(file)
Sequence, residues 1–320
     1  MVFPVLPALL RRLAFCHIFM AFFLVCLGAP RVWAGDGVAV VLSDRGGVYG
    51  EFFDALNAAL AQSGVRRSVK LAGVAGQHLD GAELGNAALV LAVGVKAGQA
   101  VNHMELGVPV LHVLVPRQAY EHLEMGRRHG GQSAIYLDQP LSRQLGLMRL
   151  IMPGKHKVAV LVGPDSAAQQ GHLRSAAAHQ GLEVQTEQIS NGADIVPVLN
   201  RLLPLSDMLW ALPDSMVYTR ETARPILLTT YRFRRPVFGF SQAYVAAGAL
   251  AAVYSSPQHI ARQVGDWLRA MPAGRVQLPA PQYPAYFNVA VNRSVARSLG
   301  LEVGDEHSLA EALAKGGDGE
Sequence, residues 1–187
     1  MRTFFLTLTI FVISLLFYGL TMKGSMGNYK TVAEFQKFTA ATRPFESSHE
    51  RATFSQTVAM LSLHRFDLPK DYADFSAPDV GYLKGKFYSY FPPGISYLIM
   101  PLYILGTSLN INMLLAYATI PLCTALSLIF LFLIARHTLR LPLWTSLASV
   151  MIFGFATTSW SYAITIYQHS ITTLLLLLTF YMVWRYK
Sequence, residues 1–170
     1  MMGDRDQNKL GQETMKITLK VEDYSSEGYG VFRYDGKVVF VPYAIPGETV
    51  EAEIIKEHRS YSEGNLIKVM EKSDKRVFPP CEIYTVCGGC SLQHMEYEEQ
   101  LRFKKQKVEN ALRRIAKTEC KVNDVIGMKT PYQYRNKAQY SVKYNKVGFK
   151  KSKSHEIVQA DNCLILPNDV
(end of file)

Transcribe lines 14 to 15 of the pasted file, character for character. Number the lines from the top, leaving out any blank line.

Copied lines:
Sequence, residues 1–170
     1  MMGDRDQNKL GQETMKITLK VEDYSSEGYG VFRYDGKVVF VPYAIPGETV